Tuesday, March 24, 2015

New blog and website

Check out www.Jeffrey-Denning.com for lots of cool stuff (e.g. blog, information on Warrior SOS, etc.).

Friday, February 13, 2015

Answers to the question 'why me?' by Jeffrey Denning


Article I wrote for the Deseret News.

I remember pleading with heaven during one particularly difficult day while serving in the U.S. Army in Iraq. I was in tears and truly struggling. I silently prayed and asked, “Why me?” After closing my prayer, I remember having two distinct thoughts.
First, I realized I had volunteered to join the military many years before. It was my choice. And while being sent to Iraq during that point of my life was less than ideal, going to war and leaving my wife and children was part of what I had signed up to do.
Not that I wanted to go to war, per se, but I knew the risks. The oath I took to serve in the military would obligate me to serve, at times, in places and in specific assignments that would not always be pleasant experiences. In fact, quite the opposite.
Second, I heard in my mind the words of the Apostle Paul from the book of Hebrews: “Though he were a Son, yet learned he obedience by the things which he suffered” (see Hebrews 5:8). Suffering seemed to be the key word and, at the time, my universal dilemma.
Learning why
As a result of my life experiences — particularly the most trying and difficult ones — I’ve learned a few things about why we suffer. Some difficult trials we face come because of the choices that other people make; choices we have no control over.
Many challenges we face come from our individual choices. The things we choose to think about and act upon have a considerable impact upon us. Small, everyday decisions shape our lives and mold our circumstances. We cannot blame others for who we’ve become or where we are in life. The decisions we made are ours alone.
Personal struggles also come because of natural laws, such as sickness, injury and death. Moreover, accidents and disruptions of nature occur because of the unchangeable laws that are part of this life.
Sometimes, however, miracles occur — things that are difficult, if not impossible, to explain. Our expectations are disrupted. Heaven intervenes.
One day we may realize why things happen the way they do; why some die and why others survive. In the meantime, however, hope in life after death and faith in God can help us heal and endure.
In moments of darkness and despair I’ve learned it’s better not to ask why. We may never understand why, but we can develop and mature when we frame questions using what, who or how instead of asking why me? For instance, what am I supposed to learn from this trial? Who can I help, or how can I grow spiritually from this particular difficulty?
Although it can be difficult and unpleasant at times, we need to find purpose in our suffering and asking such questions help us to do that.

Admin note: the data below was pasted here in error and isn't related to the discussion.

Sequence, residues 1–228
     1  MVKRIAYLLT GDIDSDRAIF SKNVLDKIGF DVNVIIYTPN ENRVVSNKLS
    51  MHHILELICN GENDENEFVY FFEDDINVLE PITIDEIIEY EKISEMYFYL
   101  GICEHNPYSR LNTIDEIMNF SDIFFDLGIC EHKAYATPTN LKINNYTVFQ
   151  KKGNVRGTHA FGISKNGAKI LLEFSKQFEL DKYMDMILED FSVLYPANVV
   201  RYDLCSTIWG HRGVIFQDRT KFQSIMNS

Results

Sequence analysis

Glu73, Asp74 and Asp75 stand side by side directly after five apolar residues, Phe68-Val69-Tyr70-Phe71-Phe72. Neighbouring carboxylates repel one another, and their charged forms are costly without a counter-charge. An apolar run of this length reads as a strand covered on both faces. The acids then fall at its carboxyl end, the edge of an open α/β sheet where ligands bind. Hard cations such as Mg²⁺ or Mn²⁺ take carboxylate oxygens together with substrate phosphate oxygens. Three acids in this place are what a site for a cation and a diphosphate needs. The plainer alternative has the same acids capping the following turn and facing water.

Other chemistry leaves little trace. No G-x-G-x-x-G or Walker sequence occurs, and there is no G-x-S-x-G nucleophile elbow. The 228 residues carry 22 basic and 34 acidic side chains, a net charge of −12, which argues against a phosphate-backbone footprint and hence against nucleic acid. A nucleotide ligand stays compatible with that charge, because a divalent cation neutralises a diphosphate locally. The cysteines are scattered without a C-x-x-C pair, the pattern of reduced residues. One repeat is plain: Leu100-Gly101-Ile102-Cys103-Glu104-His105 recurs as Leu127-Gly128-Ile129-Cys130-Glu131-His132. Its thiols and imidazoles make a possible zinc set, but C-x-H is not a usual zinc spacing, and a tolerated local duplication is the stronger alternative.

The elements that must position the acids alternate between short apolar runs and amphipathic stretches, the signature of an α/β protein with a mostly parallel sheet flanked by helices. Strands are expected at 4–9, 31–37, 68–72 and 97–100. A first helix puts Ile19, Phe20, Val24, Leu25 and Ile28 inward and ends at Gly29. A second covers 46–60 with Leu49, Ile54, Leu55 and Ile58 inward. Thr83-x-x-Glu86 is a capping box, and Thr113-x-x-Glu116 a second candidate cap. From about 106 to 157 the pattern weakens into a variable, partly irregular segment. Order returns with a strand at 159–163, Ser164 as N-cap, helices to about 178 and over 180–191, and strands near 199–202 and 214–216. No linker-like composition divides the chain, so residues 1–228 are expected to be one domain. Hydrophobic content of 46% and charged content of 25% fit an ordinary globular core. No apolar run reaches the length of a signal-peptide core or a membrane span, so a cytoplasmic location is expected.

Developing compassion
Prior to my experiences in the Middle East, I used to think I had compassion. In retrospect, I didn’t have as much compassion as I thought I did. Difficulties refine us and our trials can become a blessing if for nothing else than they allow a springboard for us to develop greater Christ-like love and compassion.
Virgil, the ancient Roman poet, said it best when he wrote, “Schooled in suffering, now I learned to comfort those who suffer too.”
Now, serving in a law enforcement capacity, I see people suffering greatly. I see on a daily basis the negative effects of the choices people make from serious addictions to violent outbursts of anger. Often, I meet people in their most agonizing moments — the vulnerability of victimization and the sorrow of death.
I also meet many people who are suicidal and without hope. While I’ve never felt suicidal, I’ve had friends who’ve taken their lives. I'm dismayed by the suicide rate among veterans.
Because I’ve felt great pain and suffering, I can truly empathize with others on a greater level. While there are others who have suffered much more than I have, I can understand all sorrows on some levels because of my experiences.
Comforting others
While there can be a tendency to downplay the hurt of others or think that their pains are nothing compared to our hurtful experiences, I choose instead to look to the example of the Savior Jesus Christ.
King Benjamin prophesied in the Book of Mormon that “he shall suffer temptations, and pain of body, hunger, thirst, and fatigue, even more than man can suffer, except it be unto death” (see Mosiah 3:7). Isaiah described him as a “man of sorrows, and acquainted with grief” (see Isaiah 53:3).
While Jesus Christ could choose to bitterly laugh at us for complaining of our hurts or dismiss our pains as nil by comparison to what he suffered, he would never do such a thing. Instead, he chose to be refined through his indescribable and incomprehensible suffering. As a result, he developed perfect understanding and compassion for each of us.